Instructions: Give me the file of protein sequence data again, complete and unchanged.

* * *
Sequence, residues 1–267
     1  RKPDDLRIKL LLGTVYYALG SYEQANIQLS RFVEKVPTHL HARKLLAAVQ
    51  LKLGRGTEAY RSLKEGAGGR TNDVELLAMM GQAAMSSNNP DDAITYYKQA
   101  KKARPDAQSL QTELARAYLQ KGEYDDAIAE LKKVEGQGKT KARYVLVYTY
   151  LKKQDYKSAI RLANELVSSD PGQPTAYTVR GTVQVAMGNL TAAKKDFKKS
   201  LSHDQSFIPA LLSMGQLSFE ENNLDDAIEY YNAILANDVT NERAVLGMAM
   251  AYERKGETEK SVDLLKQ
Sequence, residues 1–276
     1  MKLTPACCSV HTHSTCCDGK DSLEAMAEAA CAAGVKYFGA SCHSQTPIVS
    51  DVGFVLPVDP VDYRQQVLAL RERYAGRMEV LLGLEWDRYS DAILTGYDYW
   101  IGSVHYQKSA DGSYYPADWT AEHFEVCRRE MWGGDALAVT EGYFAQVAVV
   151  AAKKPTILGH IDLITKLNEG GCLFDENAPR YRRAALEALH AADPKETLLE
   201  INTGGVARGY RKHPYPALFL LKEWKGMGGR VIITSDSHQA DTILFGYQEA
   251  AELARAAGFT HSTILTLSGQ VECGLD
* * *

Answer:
Sequence, residues 1–267
     1  RKPDDLRIKL LLGTVYYALG SYEQANIQLS RFVEKVPTHL HARKLLAAVQ
    51  LKLGRGTEAY RSLKEGAGGR TNDVELLAMM GQAAMSSNNP DDAITYYKQA
   101  KKARPDAQSL QTELARAYLQ KGEYDDAIAE LKKVEGQGKT KARYVLVYTY
   151  LKKQDYKSAI RLANELVSSD PGQPTAYTVR GTVQVAMGNL TAAKKDFKKS
   201  LSHDQSFIPA LLSMGQLSFE ENNLDDAIEY YNAILANDVT NERAVLGMAM
   251  AYERKGETEK SVDLLKQ
Sequence, residues 1–276
     1  MKLTPACCSV HTHSTCCDGK DSLEAMAEAA CAAGVKYFGA SCHSQTPIVS
    51  DVGFVLPVDP VDYRQQVLAL RERYAGRMEV LLGLEWDRYS DAILTGYDYW
   101  IGSVHYQKSA DGSYYPADWT AEHFEVCRRE MWGGDALAVT EGYFAQVAVV
   151  AAKKPTILGH IDLITKLNEG GCLFDENAPR YRRAALEALH AADPKETLLE
   201  INTGGVARGY RKHPYPALFL LKEWKGMGGR VIITSDSHQA DTILFGYQEA
   251  AELARAAGFT HSTILTLSGQ VECGLD